A Chiemgauer-Kirsch (Milk Cherry Cream Truffle) has a unique look, doesn't it?  A cup shaped base then this lump on top which is an Amarena cherry and 2% Kirsch (fruit brandy made from cherries).  The truffle is covered in a milk chocolate (38%) with drizzled white chocolate on top. Our testers had a lot of thoughts as they worked with this one: The shape was described in various ways during our testing -- cupcake, distorted, even bunny-like.  We all agreed that the dominant scent before and after biting was a sweet cherry Kirsch scent and not really chocolate.  The chocolate made a soft sound but really it was the squishy sound from the full cherry that made the stronger audible impression on us.  The skin on the cherry, its juiciness, and then the solid chocolate were a series of wonderful textual changes.  However the sweetness of the cheery and the Kirsch completely overpowered the milk chocolate making this great for cherry lovers who really like very sweet cherries. We were very curious as to how a darker chocolate would have been with these cherries.

The Bier Trüffel Praliné (Milk Beer Truffle) is round with a milk chocolate (38%) and white chocolate drizzle shell.  Inside is a beer cream made with 3% beer.  Here's what our test group reported: A light beer scent that was a bit stronger when you took a bite and sniffed the soft center; one tester thought it might be a stout, or some other dark beer.  There was a nice pop or snap when we took a bite but no crunch after that.  The center was a smooth and silky soft milk chocolate and cream.  Oddly while we could taste alcohol, it was more the burn of it than the flavor of any beer, and it blended thoroughly into the milk chocolate increasing the intensity of the cocoa flavor. Three out of four testers would highly recommend this truffle.

A Calvados flüssig (Milk Calvados) is next and it is made with 13% alcohol in the form of Calvados (French apple brandy) that some of you may have heard of before; three of our four testers had heard of it but none had it in the past.  This is a round truffle covered in milk chocolate (38%) with green confectionery cocoa butter lines over it.  Our testers said:  WARNING: the center is liquid and one us almost had an spill before we figured this out. The outer shell has just a milk chocolate scent but the inside which was Calvados, of course, was a wonderful brandy smell.  The alcohol made the milk chocolate a bit soft so it didn't make much of a sound.  The brandy had a definite apple flavor to it and if you were careful you could get the milk chocolate and it together though the chocolate lingered the longest.  Only one of us did not like the combination of apple brandy and milk chocolate; three of us thought it was a nice balance and would strongly recommend it.  We decided this is Chocion truffle you should probably just pop into your mouth to enjoy best instead of eating in individual bites.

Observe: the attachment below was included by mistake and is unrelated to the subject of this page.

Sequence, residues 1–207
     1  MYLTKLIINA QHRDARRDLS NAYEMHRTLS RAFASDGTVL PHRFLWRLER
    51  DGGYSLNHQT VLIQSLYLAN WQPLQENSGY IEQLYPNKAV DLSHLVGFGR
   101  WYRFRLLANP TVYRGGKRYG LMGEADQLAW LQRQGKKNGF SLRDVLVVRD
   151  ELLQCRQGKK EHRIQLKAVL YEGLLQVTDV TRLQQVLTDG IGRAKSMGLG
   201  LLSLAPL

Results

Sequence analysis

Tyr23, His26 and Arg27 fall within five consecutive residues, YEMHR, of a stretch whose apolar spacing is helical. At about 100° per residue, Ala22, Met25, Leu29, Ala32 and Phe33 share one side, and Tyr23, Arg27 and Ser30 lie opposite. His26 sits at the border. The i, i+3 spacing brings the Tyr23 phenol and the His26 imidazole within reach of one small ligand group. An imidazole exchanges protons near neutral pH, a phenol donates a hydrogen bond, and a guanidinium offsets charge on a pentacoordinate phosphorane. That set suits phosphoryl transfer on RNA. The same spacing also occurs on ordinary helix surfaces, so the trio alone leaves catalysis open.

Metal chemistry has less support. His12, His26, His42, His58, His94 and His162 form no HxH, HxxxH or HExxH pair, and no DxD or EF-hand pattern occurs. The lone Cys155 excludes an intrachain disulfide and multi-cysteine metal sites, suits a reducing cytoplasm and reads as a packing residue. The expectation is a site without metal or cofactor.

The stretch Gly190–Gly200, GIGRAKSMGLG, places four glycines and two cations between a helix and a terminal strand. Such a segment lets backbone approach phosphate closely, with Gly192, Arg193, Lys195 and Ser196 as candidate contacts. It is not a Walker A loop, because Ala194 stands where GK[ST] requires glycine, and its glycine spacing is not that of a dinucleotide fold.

The final truffle in this box is the Sahne-Trüffel Erdbear (White Strawberry Cream Truffle) which is a 28% white chocolate shell with a confectionery cocoa butter red drizzle (very eye-catching as one tester put it).  It also has 3% strawberry spirits in it.  Our testers experiences varied a great deal with this one: The scent was not what we expected, it wasn't the normal creamy white chocolate but also not fruit of any type.  It made no sound when we took bites or chewed but three of us noticed that there were tiny strawberry bits in the pinkish creamy center that gave a burst of tartness amongst the creamy strawberry flavor (that two of us likened to Strawberry Hard Candy). Every had a different opinion of the tastes even though we all liked it, just not as much as two others we tried that testing evening.  Two of us thought the creamy chocolate blends into the strawberry well but the others felt the two flavors stayed separate.  White chocolate and strawberry lovers will enjoy this best but even though I'm not a white chocolate fan I did enjoy it myself.

There you go, Sisters and Brothers, four truffles from German chocolatier Chocion.  Have you tried them before?  If you have tried these before please leave us a comment and tell us what you think -- come on German readers, we know you are out there!  Personally, I really liked to loved each of these four flavors so I strongly recommend them.   The quality of ingredients is exceedingly high and so I give them a Sacrament status with a note that individual tastes did greatly vary with these. You can find Chocion truffles under the Praline tag on their website but you don't seem to be able to choose the ones you get... try calling them or emailing them and see if they might accommodate you or, if you are Germany, you can find their shop in München.